In hindsight, I think Fox taught me the value of building relationships and being mentored by experienced folks that care about you as an individual. I didn’t fully understand how important that was when I was a student, but looking back and comparing my experience to others who went to much larger schools I see how powerful it was to have so much face time with my professors.

I built relationships with people like [former professor] Dirk Barram, who had decades of business experience and lots of wonderful advice to share. That doesn’t happen as often at bigger schools, and I am very grateful to have had that experience.

Despite where I might land theologically and politically today, I do credit my Christian upbringing and my time at Fox for helping me have a strong compass for doing and fighting for the right thing in my personal and business life.

What are your top three “secrets” to success in launching a successful venture, as you have?

I don’t believe you get to control 70 percent of what makes a business successful, but that last 30 percent you’ve got to work hard to make sure you impact those things as much as possible. That means you need to build a business that cares about the people you employ and serve, then always doing the right thing to both of those groups even if it isn’t always the easy or most profitable thing.

Then you just work as hard as you can. It takes a lot of sacrifice to build something successfully, and that might not be for everyone, but if you want that you have to put in the hours and be really focused on that. With that, though, you have to be willing to try things and fail and then know when to walk away from that failed idea and know when to say no to other new ideas. Those are not easy things to master, but good leaders and businesspeople have figured out how to do those things well.

What would you advise college students to do if they were inclined to start their own business?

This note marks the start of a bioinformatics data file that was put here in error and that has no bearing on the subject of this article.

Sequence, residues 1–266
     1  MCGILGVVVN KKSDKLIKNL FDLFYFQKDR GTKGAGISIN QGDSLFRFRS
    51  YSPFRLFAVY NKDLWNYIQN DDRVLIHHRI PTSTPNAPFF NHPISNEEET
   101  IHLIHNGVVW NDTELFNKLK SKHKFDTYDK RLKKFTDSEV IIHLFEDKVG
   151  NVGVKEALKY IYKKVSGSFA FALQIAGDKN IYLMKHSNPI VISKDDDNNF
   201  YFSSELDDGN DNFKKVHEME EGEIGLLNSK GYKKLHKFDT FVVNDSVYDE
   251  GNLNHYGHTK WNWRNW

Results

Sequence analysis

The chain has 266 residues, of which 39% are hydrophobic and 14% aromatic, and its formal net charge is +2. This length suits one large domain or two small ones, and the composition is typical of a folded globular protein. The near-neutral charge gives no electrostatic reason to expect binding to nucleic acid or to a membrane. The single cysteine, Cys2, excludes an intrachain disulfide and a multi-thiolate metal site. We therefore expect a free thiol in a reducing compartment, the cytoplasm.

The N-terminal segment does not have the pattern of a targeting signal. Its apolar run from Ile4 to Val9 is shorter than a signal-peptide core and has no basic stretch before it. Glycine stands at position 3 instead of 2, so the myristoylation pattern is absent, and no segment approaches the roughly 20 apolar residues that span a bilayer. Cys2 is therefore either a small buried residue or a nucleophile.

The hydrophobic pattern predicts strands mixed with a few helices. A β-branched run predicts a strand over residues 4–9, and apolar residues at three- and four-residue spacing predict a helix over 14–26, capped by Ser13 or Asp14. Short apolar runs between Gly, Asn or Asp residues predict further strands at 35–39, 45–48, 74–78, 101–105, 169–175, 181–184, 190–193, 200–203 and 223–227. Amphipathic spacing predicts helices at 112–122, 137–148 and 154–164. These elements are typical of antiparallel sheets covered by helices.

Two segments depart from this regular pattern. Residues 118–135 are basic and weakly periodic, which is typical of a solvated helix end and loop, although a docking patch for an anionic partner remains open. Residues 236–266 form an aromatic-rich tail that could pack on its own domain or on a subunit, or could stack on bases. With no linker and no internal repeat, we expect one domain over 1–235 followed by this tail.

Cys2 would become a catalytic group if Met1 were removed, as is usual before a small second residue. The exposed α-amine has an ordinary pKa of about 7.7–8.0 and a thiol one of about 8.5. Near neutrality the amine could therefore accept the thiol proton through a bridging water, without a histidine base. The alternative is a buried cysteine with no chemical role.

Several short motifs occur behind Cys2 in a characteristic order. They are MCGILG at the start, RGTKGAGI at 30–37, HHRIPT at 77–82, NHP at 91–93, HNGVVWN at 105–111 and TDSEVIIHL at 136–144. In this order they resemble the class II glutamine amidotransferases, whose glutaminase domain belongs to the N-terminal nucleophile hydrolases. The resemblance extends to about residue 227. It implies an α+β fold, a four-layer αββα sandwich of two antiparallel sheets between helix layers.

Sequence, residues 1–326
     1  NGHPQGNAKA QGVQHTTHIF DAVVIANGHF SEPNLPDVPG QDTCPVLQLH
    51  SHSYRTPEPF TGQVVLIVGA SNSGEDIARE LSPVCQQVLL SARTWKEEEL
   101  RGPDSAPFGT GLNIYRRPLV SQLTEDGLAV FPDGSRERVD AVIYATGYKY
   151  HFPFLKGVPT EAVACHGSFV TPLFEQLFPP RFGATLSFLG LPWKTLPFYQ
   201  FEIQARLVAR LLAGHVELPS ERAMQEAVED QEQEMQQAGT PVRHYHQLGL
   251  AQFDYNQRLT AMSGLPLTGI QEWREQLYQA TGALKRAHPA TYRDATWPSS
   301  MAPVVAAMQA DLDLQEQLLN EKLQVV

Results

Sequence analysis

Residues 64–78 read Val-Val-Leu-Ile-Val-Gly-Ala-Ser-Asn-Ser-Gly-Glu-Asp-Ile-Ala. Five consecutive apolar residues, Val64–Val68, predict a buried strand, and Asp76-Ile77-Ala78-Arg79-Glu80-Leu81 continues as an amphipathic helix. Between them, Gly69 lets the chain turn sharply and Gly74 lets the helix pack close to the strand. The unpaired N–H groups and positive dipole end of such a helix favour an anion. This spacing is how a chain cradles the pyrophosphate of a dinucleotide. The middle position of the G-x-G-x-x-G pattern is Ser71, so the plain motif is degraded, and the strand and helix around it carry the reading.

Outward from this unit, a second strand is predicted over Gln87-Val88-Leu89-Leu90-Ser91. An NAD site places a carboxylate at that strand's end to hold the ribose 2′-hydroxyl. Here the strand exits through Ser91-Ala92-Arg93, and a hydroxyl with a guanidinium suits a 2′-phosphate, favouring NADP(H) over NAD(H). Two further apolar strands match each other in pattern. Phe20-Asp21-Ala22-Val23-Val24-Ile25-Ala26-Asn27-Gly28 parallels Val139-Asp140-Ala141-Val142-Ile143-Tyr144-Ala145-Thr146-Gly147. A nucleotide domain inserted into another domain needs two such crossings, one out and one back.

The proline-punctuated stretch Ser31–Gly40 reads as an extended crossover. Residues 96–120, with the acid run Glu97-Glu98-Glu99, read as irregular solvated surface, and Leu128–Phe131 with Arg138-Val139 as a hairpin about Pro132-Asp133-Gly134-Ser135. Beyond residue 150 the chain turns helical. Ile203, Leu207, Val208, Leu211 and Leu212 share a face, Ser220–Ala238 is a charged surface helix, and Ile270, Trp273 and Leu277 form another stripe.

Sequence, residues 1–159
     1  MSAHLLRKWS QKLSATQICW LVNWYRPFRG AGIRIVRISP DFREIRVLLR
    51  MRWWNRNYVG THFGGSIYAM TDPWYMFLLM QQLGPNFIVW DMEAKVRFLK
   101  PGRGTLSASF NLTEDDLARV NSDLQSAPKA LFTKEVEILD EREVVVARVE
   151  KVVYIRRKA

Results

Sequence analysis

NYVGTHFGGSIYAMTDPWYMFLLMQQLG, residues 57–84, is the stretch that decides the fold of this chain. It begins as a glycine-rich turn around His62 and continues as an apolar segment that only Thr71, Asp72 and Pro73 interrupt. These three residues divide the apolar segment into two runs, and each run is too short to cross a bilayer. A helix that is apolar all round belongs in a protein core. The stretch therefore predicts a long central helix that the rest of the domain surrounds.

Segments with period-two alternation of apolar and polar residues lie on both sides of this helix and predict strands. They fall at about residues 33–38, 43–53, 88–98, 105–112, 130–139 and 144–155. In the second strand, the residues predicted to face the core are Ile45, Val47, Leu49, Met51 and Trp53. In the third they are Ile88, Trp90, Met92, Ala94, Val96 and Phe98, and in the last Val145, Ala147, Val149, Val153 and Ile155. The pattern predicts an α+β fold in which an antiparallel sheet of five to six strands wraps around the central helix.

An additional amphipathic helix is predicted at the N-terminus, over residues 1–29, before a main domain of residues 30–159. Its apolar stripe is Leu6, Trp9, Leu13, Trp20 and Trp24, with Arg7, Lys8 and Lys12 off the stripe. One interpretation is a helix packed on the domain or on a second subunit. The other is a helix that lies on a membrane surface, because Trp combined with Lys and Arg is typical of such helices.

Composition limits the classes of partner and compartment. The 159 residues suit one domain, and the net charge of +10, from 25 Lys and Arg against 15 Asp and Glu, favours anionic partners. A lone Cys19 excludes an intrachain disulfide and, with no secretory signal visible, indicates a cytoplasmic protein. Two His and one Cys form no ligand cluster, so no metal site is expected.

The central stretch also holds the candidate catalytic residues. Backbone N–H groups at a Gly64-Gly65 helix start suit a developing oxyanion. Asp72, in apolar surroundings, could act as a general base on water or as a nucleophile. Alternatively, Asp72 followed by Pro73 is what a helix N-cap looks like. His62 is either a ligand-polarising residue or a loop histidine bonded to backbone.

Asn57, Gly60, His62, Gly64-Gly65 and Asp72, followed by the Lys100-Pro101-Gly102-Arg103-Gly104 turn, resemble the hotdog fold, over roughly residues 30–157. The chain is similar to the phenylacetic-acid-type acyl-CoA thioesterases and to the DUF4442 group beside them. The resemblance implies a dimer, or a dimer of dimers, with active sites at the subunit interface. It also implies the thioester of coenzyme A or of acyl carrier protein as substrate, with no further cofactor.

Find a really great partner to do it with. I have had several businesses with different partners, and having the right partner where you are really well-aligned is a world-changing experience. You need someone to tell you when your idea sucks or when it is really good. Trying to build a business is extremely hard, and it is a lifesaver to do that with the right person by your side.

I have an incredible relationship with my cofounder, Eric, and when things get hard in the business he always understands at a level that most other people don’t. It makes starting and growing a business a whole lot more fun. On the flip side, though, bad business partners can be awful, so figuring out how to find the right partner is key.

What are your hopes/goals/dreams for ClearlyRated moving forward? Where do you see the company in five to 10 years?

We work with one-third of the largest staffing firms in the world and have collected feedback from over 3.6 million clients and employees of staffing, accounting, legal, and HR services companies. We have made a very real impact on how people are treated in business-to-business industries. We have fundamentally lifted up companies that care about the clients and employees they find jobs for. We have put a spotlight on those firms and helped them grow faster than other firms that don’t treat people nearly as well.

That is the legacy I want ClearlyRated to leave across all business-to-business industries, not just staffing. We are beating the drum of service transparency for business-to-business industries. This already exists for consumer industries with sites like Yelp and Glassdoor, and in five to 10 years I hope I can say that ClearlyRated is to law firms, accounting firms, architects, staffing firms, consulting companies and marketing agencies as Yelp is to restaurants.

People deserve to be treated right and deserve to have a way to understand if the companies they are looking to work with do that, especially in business-to-business, where the financial transactions are very large.


Brand stories are paid content articles that allow Oregon Business advertisers to share news about their organizations and engage with readers on business and public policy issues.  The stories are produced in house by the Oregon Business marketing department. For more information, contact associate publisher Courtney Kutzman.